I miss it so much during the offseason. Even though I’m a New York Jets fan, and I know the upcoming season will bring misery and end without a championship, just like the last 40 have, I still am as excited for football’s return as a kid on the night before his birthday. (My family, knowing the insane  level of my Jets fan-dom, has often asked me how I would react if the Jets ever actually, you know, WON a Super Bowl. I tell them not to worry; it’s never going to happen, so that question will always be hypothetical)

I don’t know exactly when the NFL surpassed baseball as America’s No. 1 sport; it could’ve been in the late 1980s, when the San Francisco 49ers brought offensive beauty to a new level. Or maybe it was during the Dallas Cowboys’ heyday in the early 1990s, when the team everyone loved to hate (including me) was on top.

Whenever it was, the NFL is clearly No.1 right now. Check out the thousands of people who go to training camp just to watch practice for a few hours, or the people who will pay ridiculous amounts of money for personal seat licenses, just for the right to purchase tickets to a game.

I can’t wait for the sounds of the sport I love to come rippling into my ears. I love the roar of the crowd after a sack, and the dead silence when the visiting team scores.

Aah, I love it so much. Training camps are open. Preseason’s just around the corner. Everybody’s still undefeated. The Jets might still win it all this year …

Game on.

P.S. So I love it when people take an old tradition and completely invent something new. This was from a wedding in Minnesota recently; it’s maybe the best opening to a ceremony I’ve ever seen. It’s just people having fun and completely acting in a wonderfully happy way. It’s already been viewed more than 4 million times on YouTube. Enjoy.

Ah, New Jersey, the land of kidney-selling


A few weeks ago, in the midst of the moronic and childish New York state senate standoff, I wrote on my friend Jeff Pearlman’s blog that after all those shenanigans, I almost wished I was from New Jersey.

Delightfully, New Jersey has fired back with some sleaze of its own.

I almost don’t know where to start on this whole New Jersey politician/rabbi/corruption story; it’s almost too easy to make fun of.

If you’re not aware of what happened, 44 people were arrested in New Jersey Thursday on corruption charges, involving money-laundering, bribery, and kidney-selling (yes, kidney-selling).

This baby has it all: dirty politicians, including some, like the mayor of Hoboken, who ran on “anti-corruption” platforms. Sleazy rabbis funneling money to Israel and elsewhere, and of course, body-part selling.

Now, disappointingly for writers like me, the rabbis themselves were not directly involved in the kidney-selling part, though a Jewish guy, Levy-Izhak Rosenbaum, was.

The jokes are endless with an orthodox Jew being involved: Was he unable to touch dairy after handling the kidney?  Did he have to make sure no ham or pork products had been ingested by the person whose kidney he was taking?

And most excitingly, was the kidney stolen on the Sabbath?  Because, you know, I’m pretty sure it says somewhere in the Torah that along with electricity and traveling in a car, organ-harvesting is also forbidden on that holy day.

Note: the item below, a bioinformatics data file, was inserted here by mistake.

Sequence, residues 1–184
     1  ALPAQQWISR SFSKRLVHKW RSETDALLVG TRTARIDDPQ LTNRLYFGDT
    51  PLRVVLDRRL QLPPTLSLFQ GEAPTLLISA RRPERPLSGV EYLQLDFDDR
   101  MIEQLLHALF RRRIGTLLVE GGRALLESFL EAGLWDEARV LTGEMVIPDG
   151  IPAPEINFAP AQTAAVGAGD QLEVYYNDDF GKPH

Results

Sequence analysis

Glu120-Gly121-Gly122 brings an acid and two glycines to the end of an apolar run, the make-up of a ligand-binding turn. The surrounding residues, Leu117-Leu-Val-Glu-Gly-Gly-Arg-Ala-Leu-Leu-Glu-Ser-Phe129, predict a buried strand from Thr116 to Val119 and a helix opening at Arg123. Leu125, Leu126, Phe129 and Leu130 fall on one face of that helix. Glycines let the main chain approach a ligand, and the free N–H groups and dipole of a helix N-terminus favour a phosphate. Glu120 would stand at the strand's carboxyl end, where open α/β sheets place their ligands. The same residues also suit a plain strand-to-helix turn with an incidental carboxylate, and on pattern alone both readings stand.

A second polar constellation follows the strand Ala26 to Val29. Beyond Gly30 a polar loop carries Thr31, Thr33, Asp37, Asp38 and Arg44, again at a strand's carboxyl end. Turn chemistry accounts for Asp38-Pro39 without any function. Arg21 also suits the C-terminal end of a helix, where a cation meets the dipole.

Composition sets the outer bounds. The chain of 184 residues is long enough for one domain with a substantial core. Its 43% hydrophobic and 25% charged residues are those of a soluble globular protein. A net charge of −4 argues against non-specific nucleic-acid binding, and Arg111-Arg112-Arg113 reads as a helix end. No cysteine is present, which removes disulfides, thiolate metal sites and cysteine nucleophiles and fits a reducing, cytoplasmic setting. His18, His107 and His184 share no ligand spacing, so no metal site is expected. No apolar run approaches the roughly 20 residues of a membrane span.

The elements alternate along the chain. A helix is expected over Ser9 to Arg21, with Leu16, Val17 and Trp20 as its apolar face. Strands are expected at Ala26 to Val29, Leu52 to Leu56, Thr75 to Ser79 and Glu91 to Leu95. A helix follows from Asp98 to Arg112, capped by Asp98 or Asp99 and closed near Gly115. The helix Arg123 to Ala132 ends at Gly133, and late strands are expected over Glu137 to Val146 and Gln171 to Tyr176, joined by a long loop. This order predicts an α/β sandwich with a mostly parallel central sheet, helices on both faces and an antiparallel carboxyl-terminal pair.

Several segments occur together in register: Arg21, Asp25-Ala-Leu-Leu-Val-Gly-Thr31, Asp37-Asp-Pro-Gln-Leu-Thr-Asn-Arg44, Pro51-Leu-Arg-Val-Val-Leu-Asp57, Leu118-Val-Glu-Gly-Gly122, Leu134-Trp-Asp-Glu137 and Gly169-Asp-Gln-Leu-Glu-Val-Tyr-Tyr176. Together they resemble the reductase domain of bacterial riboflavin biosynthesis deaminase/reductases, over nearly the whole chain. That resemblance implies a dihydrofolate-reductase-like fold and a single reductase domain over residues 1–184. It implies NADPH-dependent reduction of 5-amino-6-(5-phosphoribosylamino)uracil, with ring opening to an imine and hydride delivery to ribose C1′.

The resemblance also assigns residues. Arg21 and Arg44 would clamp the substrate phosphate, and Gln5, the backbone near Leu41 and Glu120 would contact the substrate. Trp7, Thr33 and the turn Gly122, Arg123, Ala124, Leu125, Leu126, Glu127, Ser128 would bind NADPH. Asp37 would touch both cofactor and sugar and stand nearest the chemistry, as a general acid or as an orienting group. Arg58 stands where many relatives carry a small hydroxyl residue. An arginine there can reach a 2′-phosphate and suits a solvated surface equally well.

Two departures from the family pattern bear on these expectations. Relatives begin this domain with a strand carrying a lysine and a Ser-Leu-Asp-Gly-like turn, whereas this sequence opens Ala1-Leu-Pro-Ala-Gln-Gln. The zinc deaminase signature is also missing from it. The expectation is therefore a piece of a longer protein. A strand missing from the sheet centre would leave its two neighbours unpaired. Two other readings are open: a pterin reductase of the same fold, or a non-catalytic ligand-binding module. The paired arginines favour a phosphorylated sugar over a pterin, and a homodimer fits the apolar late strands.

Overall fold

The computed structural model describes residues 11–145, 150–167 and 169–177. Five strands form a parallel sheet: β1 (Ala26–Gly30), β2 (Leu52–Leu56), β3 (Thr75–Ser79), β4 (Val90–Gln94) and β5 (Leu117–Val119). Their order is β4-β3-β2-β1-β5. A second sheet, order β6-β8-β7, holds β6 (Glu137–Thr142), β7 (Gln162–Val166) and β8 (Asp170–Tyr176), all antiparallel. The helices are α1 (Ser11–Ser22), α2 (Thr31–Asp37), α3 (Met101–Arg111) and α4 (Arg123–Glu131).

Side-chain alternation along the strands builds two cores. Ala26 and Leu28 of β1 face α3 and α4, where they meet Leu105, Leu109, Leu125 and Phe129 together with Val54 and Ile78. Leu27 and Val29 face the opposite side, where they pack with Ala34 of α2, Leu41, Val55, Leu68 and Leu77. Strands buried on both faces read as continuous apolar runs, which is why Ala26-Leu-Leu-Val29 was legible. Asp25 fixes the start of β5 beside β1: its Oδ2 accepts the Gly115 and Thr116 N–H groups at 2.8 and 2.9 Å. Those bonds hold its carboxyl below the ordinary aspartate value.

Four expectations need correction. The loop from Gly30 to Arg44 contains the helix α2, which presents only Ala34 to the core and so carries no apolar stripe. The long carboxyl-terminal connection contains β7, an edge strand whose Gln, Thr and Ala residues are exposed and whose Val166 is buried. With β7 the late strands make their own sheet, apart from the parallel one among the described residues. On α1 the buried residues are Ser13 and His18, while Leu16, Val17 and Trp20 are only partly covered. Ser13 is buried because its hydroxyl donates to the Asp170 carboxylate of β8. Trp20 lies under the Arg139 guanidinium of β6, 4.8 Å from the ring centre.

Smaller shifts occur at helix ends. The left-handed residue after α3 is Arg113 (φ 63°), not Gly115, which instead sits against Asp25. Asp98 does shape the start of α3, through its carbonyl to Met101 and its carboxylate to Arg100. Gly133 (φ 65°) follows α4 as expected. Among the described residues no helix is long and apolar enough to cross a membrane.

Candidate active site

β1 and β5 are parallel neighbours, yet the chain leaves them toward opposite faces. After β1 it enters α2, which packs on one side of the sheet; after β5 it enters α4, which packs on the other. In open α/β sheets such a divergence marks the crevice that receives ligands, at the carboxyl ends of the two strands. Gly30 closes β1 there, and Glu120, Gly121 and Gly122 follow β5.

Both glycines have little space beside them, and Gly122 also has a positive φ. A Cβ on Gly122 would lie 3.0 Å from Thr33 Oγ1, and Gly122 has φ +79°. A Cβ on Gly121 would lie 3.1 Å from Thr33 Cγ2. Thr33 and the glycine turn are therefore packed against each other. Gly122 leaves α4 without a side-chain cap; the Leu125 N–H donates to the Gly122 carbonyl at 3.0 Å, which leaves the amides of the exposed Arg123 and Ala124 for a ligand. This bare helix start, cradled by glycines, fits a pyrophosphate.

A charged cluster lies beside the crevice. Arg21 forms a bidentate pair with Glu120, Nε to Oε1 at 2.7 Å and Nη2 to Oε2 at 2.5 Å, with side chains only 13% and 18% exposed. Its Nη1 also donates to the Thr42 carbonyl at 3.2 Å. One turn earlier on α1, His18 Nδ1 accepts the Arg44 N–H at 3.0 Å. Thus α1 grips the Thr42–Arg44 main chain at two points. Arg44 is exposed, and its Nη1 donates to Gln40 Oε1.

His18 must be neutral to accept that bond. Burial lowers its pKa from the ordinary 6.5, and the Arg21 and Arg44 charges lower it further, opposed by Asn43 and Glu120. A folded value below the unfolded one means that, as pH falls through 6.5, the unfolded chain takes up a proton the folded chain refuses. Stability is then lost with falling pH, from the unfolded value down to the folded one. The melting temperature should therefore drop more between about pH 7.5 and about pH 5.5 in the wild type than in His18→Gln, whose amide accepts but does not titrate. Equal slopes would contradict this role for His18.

This scandal is so beautiful; even longtime New Jersey scandal-watchers are saying this is bad, “even for New Jersey.” My favorite parts so far have been the sheer brazenness of the Rabbis (I always love it when religious leaders who always preach about morality have their hand in the cookie jar), and the quote from the mayor of Hoboken, Peter J. Cammarano, to the FBI informant during one of the deals, just before he was elected:

“Right now, the Italians, the Hispanics, the seniors, are locked down. I could be, uh, indicted, and I’m still going to win 85 to 95 percent of those populations.”

Well Pete, that sounded like a hypothetical then, but now, you can get that chance! Lets’ s see what it takes to get rid of him.

See, there’s a reason these stereotypes exist about New Jersey, and Louisiana, and Illinois politicians. It’s BECAUSE THEY”RE TRUE!

New Jersey has always had an inferiority complex about New York, and rightfully so. New York has better everything than New Jersey, except, apparently, corrupt officials.

So congratulations, New Jersey. You’ve once again made me proud to be a New Yorker.

And believe me, the next time I stop at the Vince Lombardi rest stop on the New Jersey Turnpike, I’ll think twice before ordering the kidney bean salad.

The rush to claim racism


One of the things I hate about our society these days (besides Paris Hilton and those idiots at Fox News) is the incredible rush to judgement everyone makes.

Quick, a story has happened, don’t worry if you know all the facts, have a take, any take! Blast somebody, cry foul, demand immediate justice … the other side of the story be damned.

Our 3-year-old’s mentality (“I want it and I want it now!) flared up again over the last few days, when the story of the arrest of Harvard professor Henry Louis Gates has been chewed up and spit out by the media and the blogosphere.

If you’re not familiar with the story, Gates, a brilliant man who’s one of the foremost African-American historians alive, was arrested Thursday at his home for disorderly conduct. He had arrived at his home in Cambridge, Mass., from a trip to China. A white neighbor of his thought he was trying to break in, called the cops, and Gates was arrested for disorderly conduct.